The prior appropriation tradition, as it exists in New Mexico today, can be traced to the convergence of practices followed in northern Mexico prior to the cession in 1848 with practices developed in connection with Anglo western settlement.   See United States v. Rio Grande Dam & Irrigation Co., 9 N.M. 292, 306, 51 P. 674, 678 (1898) (stating that “[t]he law of prior appropriation existed under the Mexican republic at the time of the acquisition of New Mexico”), rev’d on other grounds by 174 U.S. 690 (1899);  Clark, supra, at 41-42 (noting that the “water institutions of New Mexico represent a fusion” of early Spanish law and custom with “the pure form of the doctrine of prior appropriation [which] stems from the California gold rush”).   The prior appropriation doctrine’s independence of water from the land, and the requirement that a water right be exercised continuously, distinguish water rights under the prior appropriation doctrine from water rights under the riparian doctrine.   See Clark, supra, at 39.   The riparian doctrine governs water rights in most eastern states, and grants landowners the right to make reasonable use of water that flows through or otherwise abuts their land.   Ownership of a water right under the riparian doctrine is in “no way affected by failure to exercise the right.”  Id. at 37.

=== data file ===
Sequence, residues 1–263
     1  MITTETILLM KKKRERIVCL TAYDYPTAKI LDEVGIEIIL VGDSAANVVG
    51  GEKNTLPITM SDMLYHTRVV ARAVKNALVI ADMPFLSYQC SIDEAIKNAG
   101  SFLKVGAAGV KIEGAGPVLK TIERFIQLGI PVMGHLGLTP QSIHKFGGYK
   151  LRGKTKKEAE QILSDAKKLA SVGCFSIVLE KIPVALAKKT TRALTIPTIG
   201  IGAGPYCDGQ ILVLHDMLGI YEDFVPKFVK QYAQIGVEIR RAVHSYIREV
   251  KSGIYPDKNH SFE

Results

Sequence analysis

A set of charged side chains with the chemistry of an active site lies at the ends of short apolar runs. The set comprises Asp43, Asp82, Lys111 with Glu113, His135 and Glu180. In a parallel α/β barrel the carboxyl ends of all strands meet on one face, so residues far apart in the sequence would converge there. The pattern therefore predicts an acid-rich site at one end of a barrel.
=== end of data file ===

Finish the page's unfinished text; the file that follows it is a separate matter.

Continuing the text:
Early Western settlers, such as those in the gold mining camps of California and the early irrigation settlements in Colorado, found the riparian doctrine unworkable in the arid West because they often had to divert water from its source in order to use it beneficially because the land associated with the use of the water did not itself contain a water source.   See A. Dan Tarlock, The Future of Prior Appropriation in the New West, 41 Nat. Resources J. 769, 770 (2001);  Clark, supra, at 37-40.   Under the traditional riparian doctrine, the new Western settlers would have had to show that their reasonable use did not interfere with those downstream.   See Clark, supra, at 37 (noting that under the riparian doctrine, the reasonable use of a water right must not significantly interfere with downstream riparian appropriators).   This riparian doctrine made sense in the eastern states where larger sources of water exist, and, therefore, not as many people had to tap into a single source resulting in less effect on downstream users.   See Norman K. Johnson & Charles T. Dumars, A Survey of the Evolution of Western Water Law in Response to Changing Economic and Public Interest Demands, 29 Nat. Resources J. 347, 348-49 (1989).   In the western states where populations were limited to fewer and smaller water sources, most uses somehow affected downstream users.   See id.